The petrochemical industry is very interested in the sour service fatigue performance of girth welded steel pipes. As a result several papers are published every year addressing this issue, and several Joint Industry Projects (JIP) are currently underway addressing different aspects of sour service performance of steel pipelines. To date research work has focused on quantifying the fatigue performance via small scale specimens due to the difficult and danger in dealing with H2S. Currently a JIP is underway that promises to provide full scale fatigue performance of pipeline welds under sour service.
This paper documents the knockdown-factor-on-life (KD) determination for full scale sour service testing. In an industry first, a very difficult full scale sour service test was performed: 1) High Pressure, 2) High content of H2S, 3) Dense phase gases with ultra low water content (less than 400 ppm), and 4) Loading rate of 0.01 Hz. The loading was applied in full longitudinal tension. The full scale sour tests are compared with full scale in-air tests to obtain the knockdown factor. Resource constraint limited the number of full scale tests to 3.
The main objective of the tests for the practical application was to ensure that the usage of crack growth based knock-down factors, i.e. the use of Fatigue-Crack-Growth-Acceleration-Factor (FCGAR) from small scale fracture mechanics specimens, was reasonable and conservative.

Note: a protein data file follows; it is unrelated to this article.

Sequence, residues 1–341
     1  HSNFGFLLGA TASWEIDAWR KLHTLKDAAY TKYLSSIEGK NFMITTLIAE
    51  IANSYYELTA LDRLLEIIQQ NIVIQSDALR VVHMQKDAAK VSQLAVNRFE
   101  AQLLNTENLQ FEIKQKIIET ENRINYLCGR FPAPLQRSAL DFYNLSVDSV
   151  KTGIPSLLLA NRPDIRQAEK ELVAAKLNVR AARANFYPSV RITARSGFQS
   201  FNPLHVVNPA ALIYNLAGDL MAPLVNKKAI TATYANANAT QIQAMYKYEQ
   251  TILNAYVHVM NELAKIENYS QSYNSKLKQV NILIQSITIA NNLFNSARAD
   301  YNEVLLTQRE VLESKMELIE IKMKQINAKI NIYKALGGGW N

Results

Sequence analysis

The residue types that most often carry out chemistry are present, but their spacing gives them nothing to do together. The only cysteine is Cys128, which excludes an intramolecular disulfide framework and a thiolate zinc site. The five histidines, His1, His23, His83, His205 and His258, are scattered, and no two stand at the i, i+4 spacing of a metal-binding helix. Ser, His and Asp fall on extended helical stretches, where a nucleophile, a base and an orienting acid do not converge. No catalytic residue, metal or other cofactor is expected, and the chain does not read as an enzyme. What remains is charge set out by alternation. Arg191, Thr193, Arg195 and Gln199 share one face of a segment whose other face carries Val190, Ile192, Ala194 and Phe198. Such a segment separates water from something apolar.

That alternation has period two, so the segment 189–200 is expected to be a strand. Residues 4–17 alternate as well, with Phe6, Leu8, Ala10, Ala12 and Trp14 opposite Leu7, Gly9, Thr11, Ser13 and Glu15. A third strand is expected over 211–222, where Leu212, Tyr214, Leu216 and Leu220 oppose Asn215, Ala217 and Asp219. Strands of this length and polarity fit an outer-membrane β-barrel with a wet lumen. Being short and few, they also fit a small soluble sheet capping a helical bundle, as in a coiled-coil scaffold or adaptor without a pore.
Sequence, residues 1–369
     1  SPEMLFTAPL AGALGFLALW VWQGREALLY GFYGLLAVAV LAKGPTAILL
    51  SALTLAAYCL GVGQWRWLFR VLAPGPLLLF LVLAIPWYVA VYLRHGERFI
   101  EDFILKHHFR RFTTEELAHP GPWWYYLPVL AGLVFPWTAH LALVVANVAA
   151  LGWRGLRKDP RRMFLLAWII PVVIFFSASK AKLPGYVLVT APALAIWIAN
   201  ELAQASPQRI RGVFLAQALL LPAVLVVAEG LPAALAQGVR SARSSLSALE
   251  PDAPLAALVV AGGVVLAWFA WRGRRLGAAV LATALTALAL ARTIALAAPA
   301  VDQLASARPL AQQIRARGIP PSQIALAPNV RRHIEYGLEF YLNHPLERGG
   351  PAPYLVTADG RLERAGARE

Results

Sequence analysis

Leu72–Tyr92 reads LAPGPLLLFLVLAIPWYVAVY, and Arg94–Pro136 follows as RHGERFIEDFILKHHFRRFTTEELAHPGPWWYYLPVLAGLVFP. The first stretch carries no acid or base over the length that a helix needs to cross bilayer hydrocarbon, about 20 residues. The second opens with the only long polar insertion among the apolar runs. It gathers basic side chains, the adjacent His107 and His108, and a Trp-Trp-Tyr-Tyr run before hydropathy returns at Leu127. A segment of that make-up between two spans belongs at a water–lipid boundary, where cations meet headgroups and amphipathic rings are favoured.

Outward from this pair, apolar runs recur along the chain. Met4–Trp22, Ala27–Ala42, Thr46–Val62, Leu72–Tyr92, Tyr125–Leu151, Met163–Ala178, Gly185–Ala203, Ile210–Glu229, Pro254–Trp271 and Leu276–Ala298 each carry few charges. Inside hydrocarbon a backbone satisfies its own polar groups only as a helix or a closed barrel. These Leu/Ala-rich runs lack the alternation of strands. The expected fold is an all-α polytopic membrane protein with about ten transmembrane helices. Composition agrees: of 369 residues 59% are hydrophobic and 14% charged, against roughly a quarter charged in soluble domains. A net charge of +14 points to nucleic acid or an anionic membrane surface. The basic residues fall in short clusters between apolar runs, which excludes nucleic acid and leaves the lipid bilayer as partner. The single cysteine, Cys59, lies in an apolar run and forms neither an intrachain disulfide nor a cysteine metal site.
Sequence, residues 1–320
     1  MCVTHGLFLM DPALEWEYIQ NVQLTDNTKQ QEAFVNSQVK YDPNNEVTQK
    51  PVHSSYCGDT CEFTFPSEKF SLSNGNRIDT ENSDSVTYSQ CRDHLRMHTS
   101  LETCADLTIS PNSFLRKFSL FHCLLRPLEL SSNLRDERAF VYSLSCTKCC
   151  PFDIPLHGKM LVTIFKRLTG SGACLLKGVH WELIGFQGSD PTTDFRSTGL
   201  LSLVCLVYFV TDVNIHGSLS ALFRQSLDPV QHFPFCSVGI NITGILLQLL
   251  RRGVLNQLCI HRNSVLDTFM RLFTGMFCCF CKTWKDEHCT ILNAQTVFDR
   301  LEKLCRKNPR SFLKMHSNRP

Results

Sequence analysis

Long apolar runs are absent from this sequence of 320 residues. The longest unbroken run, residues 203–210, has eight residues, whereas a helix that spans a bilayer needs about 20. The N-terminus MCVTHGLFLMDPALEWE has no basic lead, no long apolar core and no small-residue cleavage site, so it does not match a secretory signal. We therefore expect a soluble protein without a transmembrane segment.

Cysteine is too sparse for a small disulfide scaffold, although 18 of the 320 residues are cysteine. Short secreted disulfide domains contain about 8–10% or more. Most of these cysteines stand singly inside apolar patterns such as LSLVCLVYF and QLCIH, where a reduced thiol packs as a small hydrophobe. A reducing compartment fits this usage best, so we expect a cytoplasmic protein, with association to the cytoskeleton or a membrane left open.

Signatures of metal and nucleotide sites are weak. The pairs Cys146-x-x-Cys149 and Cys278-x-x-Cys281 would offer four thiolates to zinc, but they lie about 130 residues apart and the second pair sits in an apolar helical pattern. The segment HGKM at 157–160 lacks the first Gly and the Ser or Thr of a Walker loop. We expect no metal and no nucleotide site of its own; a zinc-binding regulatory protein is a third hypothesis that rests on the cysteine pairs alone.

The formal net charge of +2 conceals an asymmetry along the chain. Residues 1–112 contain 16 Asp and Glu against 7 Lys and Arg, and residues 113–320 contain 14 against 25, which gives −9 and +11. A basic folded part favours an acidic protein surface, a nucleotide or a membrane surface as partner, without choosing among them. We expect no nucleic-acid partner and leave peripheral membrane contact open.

Some additional comparisons are done with crack-growth based knockdown factors that may help explain the effect of the ultra-low water concentration. Knockdown factors from small scale crack growth specimens, Fatigue-Crack-Growth-Acceleration-Factor = 60 (FCGAR), are significantly higher than the full scale results, KD = 7. The ultra-low-water dense phase gases do not pit the surface, thus leaving the initiation life relatively intact. The knockdown factor for the full scale test is then mostly the result of the accelerated crack growth that occurs once a macro-crack nucleates.